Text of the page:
1. Is it unmanaged?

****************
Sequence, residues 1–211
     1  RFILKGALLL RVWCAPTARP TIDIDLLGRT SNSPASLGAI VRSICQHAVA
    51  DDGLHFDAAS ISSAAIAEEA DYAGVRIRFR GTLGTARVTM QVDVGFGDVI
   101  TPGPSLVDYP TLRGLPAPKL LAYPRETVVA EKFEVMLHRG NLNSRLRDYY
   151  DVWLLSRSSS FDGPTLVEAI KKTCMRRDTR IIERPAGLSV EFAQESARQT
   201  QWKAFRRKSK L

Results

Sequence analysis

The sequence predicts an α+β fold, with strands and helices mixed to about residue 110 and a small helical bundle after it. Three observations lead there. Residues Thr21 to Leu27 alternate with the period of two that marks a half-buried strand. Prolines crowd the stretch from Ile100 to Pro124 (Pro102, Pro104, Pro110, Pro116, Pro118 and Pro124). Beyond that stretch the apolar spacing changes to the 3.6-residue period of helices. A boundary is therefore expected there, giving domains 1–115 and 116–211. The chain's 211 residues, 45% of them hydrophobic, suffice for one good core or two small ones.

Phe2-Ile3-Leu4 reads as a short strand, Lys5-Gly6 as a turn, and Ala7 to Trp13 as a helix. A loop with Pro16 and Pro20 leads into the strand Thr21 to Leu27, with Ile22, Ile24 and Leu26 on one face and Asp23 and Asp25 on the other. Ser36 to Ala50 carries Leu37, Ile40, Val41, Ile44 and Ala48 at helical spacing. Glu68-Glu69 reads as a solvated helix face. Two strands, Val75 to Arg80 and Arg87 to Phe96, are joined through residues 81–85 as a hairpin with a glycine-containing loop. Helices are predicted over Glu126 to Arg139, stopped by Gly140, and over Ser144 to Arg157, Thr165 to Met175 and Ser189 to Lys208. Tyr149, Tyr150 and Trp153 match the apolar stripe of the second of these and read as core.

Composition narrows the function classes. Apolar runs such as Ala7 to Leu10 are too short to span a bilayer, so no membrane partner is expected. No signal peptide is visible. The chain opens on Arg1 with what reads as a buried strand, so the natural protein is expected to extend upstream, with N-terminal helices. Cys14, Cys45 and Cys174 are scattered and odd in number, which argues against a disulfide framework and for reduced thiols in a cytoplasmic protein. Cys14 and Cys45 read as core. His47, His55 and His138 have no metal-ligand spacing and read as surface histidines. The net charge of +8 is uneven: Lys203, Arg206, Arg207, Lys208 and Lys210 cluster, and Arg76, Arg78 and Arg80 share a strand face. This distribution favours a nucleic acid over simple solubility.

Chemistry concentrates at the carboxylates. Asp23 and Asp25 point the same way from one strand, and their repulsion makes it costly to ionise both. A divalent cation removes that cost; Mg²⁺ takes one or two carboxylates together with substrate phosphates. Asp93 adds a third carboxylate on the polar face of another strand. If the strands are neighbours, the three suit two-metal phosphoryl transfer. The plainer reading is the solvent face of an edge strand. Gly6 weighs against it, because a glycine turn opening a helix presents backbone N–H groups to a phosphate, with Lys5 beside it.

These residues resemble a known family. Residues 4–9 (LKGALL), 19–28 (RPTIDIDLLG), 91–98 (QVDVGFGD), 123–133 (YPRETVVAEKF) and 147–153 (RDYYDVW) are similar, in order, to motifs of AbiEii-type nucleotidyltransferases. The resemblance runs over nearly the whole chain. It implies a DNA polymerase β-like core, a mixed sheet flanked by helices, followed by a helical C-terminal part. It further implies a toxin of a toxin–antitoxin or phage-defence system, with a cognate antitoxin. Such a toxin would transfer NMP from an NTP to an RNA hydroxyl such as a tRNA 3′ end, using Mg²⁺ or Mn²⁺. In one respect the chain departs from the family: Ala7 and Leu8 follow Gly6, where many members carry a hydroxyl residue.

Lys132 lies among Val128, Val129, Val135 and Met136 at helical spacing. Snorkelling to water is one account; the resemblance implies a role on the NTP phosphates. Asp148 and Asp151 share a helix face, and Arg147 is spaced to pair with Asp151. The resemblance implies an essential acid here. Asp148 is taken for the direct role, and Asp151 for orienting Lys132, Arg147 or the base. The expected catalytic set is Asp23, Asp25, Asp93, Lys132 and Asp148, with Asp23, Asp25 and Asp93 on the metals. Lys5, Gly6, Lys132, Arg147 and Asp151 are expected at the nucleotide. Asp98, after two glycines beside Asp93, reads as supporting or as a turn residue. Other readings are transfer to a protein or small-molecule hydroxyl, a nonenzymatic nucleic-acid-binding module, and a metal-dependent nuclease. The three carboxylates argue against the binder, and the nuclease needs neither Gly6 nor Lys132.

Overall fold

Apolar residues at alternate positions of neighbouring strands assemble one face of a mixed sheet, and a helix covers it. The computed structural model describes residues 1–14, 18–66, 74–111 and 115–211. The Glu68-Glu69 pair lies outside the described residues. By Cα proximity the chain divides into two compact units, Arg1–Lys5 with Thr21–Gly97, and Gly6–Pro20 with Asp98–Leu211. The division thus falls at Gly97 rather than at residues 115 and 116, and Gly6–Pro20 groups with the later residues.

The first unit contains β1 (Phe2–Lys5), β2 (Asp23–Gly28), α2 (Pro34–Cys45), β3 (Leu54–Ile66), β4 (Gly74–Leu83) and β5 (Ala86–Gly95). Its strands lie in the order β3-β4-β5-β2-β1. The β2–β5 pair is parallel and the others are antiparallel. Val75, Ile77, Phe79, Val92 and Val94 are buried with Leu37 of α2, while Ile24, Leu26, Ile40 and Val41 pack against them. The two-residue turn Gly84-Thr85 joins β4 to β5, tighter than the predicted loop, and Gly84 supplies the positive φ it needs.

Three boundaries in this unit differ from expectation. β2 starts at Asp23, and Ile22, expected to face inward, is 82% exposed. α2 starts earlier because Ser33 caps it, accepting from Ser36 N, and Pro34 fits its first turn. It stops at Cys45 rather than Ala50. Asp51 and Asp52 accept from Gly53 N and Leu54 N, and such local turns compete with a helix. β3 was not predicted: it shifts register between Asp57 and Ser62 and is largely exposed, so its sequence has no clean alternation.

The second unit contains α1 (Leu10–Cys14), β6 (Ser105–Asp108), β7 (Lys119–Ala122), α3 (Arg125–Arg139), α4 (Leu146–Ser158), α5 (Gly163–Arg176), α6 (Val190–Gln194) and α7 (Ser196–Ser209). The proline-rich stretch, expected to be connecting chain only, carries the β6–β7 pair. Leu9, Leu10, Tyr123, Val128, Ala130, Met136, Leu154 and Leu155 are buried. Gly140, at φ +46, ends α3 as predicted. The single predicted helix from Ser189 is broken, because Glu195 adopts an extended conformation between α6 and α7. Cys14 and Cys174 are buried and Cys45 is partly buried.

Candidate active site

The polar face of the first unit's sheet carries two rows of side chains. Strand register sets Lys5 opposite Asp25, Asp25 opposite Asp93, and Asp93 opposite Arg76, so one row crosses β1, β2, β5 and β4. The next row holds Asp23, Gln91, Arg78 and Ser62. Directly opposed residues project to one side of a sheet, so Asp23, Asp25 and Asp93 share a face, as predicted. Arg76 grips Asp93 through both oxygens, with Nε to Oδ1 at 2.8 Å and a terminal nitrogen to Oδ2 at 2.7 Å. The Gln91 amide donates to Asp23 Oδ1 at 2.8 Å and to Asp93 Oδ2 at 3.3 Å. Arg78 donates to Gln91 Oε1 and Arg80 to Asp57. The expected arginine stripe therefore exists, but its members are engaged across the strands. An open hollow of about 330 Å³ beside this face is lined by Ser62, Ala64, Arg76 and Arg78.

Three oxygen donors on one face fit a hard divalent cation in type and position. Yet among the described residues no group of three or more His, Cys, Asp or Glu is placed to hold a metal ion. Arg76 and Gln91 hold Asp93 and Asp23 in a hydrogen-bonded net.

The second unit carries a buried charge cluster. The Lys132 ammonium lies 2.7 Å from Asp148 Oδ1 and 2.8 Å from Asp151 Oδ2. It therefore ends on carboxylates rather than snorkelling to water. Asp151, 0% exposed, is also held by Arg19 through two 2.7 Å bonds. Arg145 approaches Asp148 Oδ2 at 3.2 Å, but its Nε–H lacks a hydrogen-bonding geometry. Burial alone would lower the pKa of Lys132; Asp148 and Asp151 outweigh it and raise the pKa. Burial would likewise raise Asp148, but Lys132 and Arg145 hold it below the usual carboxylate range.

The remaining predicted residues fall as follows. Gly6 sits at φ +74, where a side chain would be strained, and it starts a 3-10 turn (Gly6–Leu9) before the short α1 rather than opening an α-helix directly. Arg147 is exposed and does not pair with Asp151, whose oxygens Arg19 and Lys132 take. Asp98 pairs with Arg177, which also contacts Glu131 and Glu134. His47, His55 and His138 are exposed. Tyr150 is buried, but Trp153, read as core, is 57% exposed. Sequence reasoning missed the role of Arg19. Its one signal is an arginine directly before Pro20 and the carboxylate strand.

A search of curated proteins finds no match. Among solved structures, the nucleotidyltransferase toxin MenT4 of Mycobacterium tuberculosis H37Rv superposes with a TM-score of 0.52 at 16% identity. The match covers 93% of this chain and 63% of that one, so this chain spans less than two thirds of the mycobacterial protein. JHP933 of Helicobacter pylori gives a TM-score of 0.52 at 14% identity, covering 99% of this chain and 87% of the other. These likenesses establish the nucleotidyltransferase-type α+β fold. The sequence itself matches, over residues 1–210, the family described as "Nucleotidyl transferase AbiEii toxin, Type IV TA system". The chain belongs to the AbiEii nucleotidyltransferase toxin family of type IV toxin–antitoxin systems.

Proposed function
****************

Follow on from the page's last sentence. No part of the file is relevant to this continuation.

Like any legal system, the Patent system is good, but is it good enough? This one case is calling for visibility, but one case does not a change make. If we go back to 2013 we see the following in Forbes (at “But, TechCo will need to use a lot of other technology to build and deliver a complete product, e.g., the product design might be protected by a patent, but the manufacturing process might be subject to another company’s “blocking” patent“. Here is the kicker, there has been a lot of noise on how large corporations have the ability to block others. If we accept Business Insider (at “In other words, based on patent cases brought to court by Apple, Samsung, Microsoft, Nokia, Motorola, and a host of others, litigation is, more often than not, a serious waste of time and money for all parties involved“. The question is, should the system change? Because these big boys are in disagreement, does not mean that the system should just fall away. Are these patent cases valid to begin with? If we look at the quote “As it turns out, only 20 or the 222 patent assertions (9%) were able to establish liability, but even in that small sample, only 10 of those 20 cases resulted in “lasting injunctive relief.” Mueller says that number would be even smaller if “the patents underlying Nokia’s German injunctions against HTC had come to judgment in the Federal Patent Court.”“. My question is that if the numbers are this skewed, why take it to court in the first place? What was the tactic behind it? Delay? A mere pissing contest or was this about satisfying the need for additional costs? I have no idea, but the result data speaks for itself. Is the score so impressive that pursuing a 10% chance is essential, worth the effort or it is something else?